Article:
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The Five Kings of Christmas

Therefore when Jesus w One Kingas born in Bethlehem of Juda, in the days of king Herod, lo! astrologers [lo! kings, or wise men,] came from the east to Jerusalem, and said [saying], Where is he, that is born [the] king of Jews? for we have seen his star in the east, and we have come to worship him.

-- Matthew 2:1-2, Wycliffe Bible

Five Kings? But the Bible says there were three! Does it? Actually, we don’t really know how many Magi there were, just that they brought at least three gifts.  But nevertheless, assuming there were three, the Bible is very clear about the other two as well.


The first king is Herod, in title, the king of the Jews. There was all kind of controversy surrounding Herod and his rule. For one thing, he had collaborated with Mark Anthony and the Romans in their conquest of Judea. The Romans allowed him to rule over his people with whatever authority was left over. And here’s the other problem: Herod was not Judean. He was from Idumea (Edom), with its capital in Petra in what is now Jordan. He was ethnically an Arab whose family had converted to Judaism. And he installed High Priests who were also converts from other places. This, along with his lifestyle of debauchery made him an illegitimate king to the Pharisees and to many Jews. There is no question that he would have felt threatened by any challenge to his rule – in fact, he murdered his mother- and brother-in-law for that reason. With his extravagant lifestyle and expensive building projects paid for by unbearable taxes to solidify his power and status, Herod exemplifies worldly rulers.


The ‘three kings’ were probably not kings at all, but Magi, or wise men, highly educated and skilled in reading the stars and interpreting omens. They consulted with kings and were ‘king makers’ using their skills to ‘read the future.’ They had read all the prophesies of the various religions and had maps of the stars. This was their ‘science.’ And when, one special day, a new star appeared that was not on any map, they were wise enough to realize something amazing and important was happening. Perhaps more importantly, they were willing to act on that belief. Preparing, packing up a caravan, and heading out for a long journey west with expensive gifts took perhaps two years or more. Their gifts represent their understanding of just who the Messiah was destined to be. Gold for a King, because Messiah would be born King of the Jews, and all mankind. Frankincense for a Priest, because Messiah would be the Great High Priest who would intercede between mankind and God Almighty. Myrrh for burial, because Messiah would not be just the Priest, but also the sacrifice that would take away the sins of the world. With their study and watching, and understanding of who Messiah would be, the Wise Kings exemplify seekers who, when they find the Truth, follow hard after it, despite the hardship, to worship God.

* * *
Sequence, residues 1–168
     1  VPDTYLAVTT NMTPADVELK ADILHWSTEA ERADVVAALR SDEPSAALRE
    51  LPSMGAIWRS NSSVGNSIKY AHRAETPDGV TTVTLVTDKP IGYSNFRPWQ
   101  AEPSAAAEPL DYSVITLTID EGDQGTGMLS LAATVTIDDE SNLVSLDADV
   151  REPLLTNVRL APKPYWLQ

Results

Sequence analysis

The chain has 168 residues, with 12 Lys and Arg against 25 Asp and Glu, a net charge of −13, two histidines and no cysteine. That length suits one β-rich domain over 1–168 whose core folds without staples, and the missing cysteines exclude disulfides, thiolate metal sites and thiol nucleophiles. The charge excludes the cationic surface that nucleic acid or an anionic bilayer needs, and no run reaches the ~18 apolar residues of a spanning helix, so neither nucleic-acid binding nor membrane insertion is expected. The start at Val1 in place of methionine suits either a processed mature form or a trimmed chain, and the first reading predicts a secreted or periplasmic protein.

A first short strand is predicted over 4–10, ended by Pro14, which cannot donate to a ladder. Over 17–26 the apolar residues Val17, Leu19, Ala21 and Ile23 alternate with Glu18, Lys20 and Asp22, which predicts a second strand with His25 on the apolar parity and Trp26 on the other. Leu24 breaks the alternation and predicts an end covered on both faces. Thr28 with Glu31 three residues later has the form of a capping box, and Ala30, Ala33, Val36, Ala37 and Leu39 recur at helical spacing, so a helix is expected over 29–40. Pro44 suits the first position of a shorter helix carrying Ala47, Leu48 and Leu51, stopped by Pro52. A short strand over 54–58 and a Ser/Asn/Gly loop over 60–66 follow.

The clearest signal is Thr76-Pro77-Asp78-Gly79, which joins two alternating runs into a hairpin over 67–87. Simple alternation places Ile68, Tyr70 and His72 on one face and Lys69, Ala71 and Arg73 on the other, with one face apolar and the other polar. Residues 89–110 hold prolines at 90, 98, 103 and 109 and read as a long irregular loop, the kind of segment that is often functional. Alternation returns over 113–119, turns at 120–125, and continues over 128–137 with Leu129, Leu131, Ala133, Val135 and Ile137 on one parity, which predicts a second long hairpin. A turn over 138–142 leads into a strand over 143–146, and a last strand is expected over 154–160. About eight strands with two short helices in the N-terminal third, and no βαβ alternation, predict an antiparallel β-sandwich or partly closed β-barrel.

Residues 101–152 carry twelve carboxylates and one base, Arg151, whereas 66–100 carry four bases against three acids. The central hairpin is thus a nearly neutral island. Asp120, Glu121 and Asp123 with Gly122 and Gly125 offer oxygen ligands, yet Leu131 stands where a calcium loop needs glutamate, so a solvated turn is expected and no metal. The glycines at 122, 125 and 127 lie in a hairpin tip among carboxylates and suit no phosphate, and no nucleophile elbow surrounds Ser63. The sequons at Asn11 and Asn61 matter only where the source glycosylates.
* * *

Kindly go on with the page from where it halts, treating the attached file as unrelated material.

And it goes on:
Many Jews expected the Messiah to come and establish the Kingdom of God in Jerusalem and send the Romans packing. They longed for a righteous king to grant them freedom. Sadly, many missed the opportunity for True freedom that Jesus brought. In this world there will always be troubles, sadness, tragedies. God’s kingdom is not of this world, and the peace and freedom Jesus brought are also not of this world, they are grace and mercy that transcend our worldly cares. But a day is coming soon when Jesus will return, not as a babe, meek and mild in a lowly manger, but as the rightful King of Kings and Lord of Lords. Now, he is our friend, our comforter, a peacemaker, a healer and a teacher. But when He comes again, He will bring the sword of God’s Justice and Truth. Check out Revelation 19:11-16 for a better description. The baby in the manger is easy to love, the passionate young rabbi who heals and speaks in parables about the kingdom of God is easy to follow. But we should never forget that He is yet a Mighty King, the Ruler of all Creation, who is Holy and Blameless. The sin of our world saddens, offends and angers Him. And one day He will come to bring God’s perfect justice and wipe away all evil. He came down to us, laying aside all His crowns and glory, becoming a sacrifice, paying our debt, just so we could be welcomed into such a wonderful place as that – the Kingdom of God, Heaven on earth.

They will wage war against the Lamb, but the Lamb will triumph over them because he is Lord of lords and King of kings—and with him will be his called, chosen and faithful followers.” ~Revelation 17:14




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